A Tale of Two Transitions : Iraq's Energy Sector and Macroeconomic Stability in a Climate-Constrained World (English)
This paper from the World Bank assesses the costs and benefits of Iraq's own energy transition from fossil fuel dependent power sector to one with a significantly higher share of renewables amid an accelerating global energy transition.
The paper quantifies the returns of Iraq's energy transition, its high exposure to the global energy transition due to the deep role of oil revenues in the provision of public finances, and the policy tradeoffs associated with moving towards a greener energy mix.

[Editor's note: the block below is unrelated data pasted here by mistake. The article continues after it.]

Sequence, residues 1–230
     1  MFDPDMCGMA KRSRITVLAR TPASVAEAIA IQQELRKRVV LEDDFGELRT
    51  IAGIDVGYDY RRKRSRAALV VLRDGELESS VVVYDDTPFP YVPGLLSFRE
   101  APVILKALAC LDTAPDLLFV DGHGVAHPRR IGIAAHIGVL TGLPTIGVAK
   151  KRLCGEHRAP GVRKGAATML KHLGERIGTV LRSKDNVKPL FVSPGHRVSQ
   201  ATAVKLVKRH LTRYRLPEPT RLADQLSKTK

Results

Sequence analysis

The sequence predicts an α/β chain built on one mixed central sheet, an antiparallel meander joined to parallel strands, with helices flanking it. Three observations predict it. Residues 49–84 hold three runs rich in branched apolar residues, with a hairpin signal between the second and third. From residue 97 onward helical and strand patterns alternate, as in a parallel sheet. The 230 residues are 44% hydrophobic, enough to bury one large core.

The analysis finds that all decarbonization pathways of the electricity sector bring additional growth and productivity gains compared to maintaining the status-quo, albeit at different levels of cost effectiveness.
However, all pathways (including existing GoI plans) are fiscally costly given the required upfront levels of capex and the subsidy.
This cost could prove to be fiscally steep in deep decarbonization scenarios especially if the transition is fully financed by the public budget.
Consequently, the success of the energy transition in Iraq will largely depend on the political context and on the ambition of a GoI-led reform process that can overcome any socio-political vested interest. It will also require popular understanding and support for the urgency of this transition.
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(Source: World Bank)
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